Category Archives: Facebook

“The Legal Implications of Governmental Social Media Use”

Pashman Stein Walder Hayden partner CJ Griffin has published an article in the April 2019 issue of New Jersey Lawyer magazine, titled “The Legal Implications of Governmental Social Media Use.” A full copy of the article can be viewed here:

Court: Carteret Mayor’s Facebook Page is Subject to OPRA

In September 2018, we filed a lawsuit on behalf of long-time client Steven Wronko seeking the list of users that Carteret Mayor Daniel J. Reiman has banned from his Facebook page.

Carteret opposed the lawsuit, arguing that Mayor Reiman’s Facebook page was simply a personal page and that he has constitutional right to ban members of the public and a privacy interest in keeping the ban list secret.

We responded and provided over 200 pages of screenshots from the Mayor’s Facebook page which showed that Mayor Reiman used his Facebook page to declare weather emergencies and keep the public informed during severe weather events; to talk about redevelopment projects happening in the Borough; and to discuss personnel issues, such as the suspension of a police officer. We also showed that residents frequently posted on the Page about issues they were having with government services and Mayor Reiman or “staff” would respond to those inquiries and try to resolve the issues. Our brief is available here.

On January 11, 2019, the Honorable Alberto Rivas, A.J.S.C., heard oral arguments and found that Mayor Reiman’s Facebook page is subject to OPRA because it is used to conduct the Mayor’s official business. He adopted the fact-sensitive analysis used by Judge Mizdol in Larkin v. Glen Rock, a similar case we won last year.

Judge Rivas ordered Carteret to produce the ban list and to pay Mr. Wronko’s legal fees. A copy of the Order is here.

 

Are Facebook Posts and Other Computer Records Subject to OPRA?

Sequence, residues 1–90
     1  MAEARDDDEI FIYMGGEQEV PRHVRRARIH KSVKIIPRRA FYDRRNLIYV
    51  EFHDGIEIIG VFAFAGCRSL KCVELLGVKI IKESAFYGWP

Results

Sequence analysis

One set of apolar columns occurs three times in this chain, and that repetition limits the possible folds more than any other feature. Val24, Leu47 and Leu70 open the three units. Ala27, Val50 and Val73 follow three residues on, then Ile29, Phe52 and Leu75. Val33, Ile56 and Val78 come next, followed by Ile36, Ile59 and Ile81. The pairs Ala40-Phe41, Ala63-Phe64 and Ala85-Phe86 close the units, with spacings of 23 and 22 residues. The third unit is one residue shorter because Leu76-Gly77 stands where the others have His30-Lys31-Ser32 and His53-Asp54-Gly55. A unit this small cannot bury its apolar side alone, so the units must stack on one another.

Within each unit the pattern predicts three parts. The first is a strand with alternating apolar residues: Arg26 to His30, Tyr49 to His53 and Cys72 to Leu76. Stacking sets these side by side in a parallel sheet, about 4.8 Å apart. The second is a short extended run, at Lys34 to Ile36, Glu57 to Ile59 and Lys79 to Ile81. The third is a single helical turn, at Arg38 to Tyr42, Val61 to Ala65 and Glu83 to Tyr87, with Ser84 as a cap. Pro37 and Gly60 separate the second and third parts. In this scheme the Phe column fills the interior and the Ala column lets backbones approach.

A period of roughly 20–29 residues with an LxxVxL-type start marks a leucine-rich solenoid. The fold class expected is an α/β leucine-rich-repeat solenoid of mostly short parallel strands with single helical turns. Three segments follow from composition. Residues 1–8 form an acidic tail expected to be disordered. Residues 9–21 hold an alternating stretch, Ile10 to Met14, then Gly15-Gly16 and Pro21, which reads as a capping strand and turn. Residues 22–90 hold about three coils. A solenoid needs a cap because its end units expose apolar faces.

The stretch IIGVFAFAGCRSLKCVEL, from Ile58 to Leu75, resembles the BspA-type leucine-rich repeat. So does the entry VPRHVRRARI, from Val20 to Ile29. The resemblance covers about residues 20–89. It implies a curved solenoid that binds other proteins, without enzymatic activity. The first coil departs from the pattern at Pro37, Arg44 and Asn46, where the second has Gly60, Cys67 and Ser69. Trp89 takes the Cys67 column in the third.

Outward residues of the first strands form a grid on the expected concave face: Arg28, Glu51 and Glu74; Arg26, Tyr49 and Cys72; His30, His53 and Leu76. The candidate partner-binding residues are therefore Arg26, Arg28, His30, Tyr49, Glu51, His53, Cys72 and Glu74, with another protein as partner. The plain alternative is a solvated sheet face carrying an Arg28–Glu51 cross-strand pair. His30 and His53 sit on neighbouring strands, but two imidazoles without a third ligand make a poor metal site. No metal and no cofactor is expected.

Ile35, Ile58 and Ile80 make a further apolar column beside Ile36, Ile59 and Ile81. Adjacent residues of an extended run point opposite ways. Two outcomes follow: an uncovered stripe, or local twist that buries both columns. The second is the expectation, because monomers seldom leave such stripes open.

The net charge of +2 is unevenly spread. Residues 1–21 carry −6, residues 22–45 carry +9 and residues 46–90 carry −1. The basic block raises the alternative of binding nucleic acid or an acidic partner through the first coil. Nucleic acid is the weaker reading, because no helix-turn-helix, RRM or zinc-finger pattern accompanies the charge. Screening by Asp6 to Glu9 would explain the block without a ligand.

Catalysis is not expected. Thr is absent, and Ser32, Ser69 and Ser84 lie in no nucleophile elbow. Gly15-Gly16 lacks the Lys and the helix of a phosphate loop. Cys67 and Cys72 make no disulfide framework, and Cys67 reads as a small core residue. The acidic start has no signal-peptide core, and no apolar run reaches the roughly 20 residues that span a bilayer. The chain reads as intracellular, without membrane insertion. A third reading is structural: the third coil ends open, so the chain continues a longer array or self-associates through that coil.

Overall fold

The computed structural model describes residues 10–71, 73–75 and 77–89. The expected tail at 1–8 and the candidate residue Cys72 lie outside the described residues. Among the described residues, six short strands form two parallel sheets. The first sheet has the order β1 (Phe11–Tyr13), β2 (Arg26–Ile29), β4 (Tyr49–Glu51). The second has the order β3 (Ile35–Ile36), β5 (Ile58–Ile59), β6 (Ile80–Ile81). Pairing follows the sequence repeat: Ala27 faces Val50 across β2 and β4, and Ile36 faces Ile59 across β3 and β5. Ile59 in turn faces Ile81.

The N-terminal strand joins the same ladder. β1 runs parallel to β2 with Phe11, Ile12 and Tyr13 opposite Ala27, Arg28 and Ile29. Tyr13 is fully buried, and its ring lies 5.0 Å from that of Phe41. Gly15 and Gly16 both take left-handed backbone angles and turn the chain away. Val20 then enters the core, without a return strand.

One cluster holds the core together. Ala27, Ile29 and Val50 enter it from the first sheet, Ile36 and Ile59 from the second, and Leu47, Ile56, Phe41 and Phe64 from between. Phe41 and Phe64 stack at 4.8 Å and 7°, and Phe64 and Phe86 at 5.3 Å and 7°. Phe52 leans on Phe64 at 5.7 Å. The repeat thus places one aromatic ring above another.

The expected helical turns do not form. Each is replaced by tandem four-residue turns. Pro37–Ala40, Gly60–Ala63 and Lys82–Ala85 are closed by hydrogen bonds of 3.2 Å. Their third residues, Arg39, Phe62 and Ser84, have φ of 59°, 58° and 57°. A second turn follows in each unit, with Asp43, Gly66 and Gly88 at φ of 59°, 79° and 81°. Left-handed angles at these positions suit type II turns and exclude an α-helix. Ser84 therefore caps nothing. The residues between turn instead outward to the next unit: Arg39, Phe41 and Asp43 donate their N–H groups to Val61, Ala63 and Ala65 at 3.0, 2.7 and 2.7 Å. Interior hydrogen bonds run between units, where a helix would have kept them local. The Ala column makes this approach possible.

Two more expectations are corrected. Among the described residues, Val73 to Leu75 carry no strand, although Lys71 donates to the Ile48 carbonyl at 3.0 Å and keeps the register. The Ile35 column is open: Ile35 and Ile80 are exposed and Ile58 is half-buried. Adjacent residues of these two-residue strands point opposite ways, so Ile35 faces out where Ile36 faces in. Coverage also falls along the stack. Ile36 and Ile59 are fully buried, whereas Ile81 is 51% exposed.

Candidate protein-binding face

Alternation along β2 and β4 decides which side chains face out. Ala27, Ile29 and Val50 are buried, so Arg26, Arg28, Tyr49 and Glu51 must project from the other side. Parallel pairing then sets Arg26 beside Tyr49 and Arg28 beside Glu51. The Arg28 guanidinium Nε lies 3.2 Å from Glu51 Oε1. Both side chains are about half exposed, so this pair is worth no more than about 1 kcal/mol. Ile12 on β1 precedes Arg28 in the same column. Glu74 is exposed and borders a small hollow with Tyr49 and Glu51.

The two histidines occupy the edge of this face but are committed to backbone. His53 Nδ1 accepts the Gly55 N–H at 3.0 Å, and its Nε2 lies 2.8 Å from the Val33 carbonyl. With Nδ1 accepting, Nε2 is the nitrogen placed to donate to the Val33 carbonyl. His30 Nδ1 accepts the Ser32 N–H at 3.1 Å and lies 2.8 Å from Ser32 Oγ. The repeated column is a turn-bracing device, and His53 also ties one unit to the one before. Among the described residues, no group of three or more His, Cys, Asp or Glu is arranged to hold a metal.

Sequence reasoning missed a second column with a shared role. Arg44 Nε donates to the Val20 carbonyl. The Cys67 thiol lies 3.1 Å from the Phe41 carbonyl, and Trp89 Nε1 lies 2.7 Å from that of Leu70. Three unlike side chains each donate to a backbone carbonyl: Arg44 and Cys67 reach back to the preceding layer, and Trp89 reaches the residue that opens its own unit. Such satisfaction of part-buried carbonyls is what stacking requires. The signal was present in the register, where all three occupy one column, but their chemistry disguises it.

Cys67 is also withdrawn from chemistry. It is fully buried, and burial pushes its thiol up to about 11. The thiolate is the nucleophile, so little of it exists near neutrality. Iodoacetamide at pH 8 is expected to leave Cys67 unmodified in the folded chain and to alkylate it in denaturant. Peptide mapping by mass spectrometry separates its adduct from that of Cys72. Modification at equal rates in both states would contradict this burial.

Update: We have written extensively about this topic since this blog was published in 2015  and have filed successful suits for Facebook records. For updated content, click here, here, and here.

As the number of public agencies with a social media presence grows, questions arise regarding whether the content of the social media sites is a “government record” subject to OPRA.  We believe that it is.

OPRA defines government records very broadly and includes “information stored or maintained electronically.”  This should cover posts made on a public agency’s official Facebook page, as well as information such as web browser history on computers used by public employees during their official course of business. Computers are, in other words, electronically storing everything a public employee does during the course of his or her day and that activity creates government records – be it posting on a Facebook page or entering data into budgeting software.  At least one court has held that “metadata” is subject to OPRA.

The difficulty, however, is how to gain access to such information.  Though all government records should be retained and public agencies should go through the proper process for disposing such records, employees tend to treat data with less care than hard copy records.  So, electronic records are often deleted and may not always be retrievable from the server.

For more information about this blog post or any other OPRA question, please contact cgriffin@pashmanstein.com.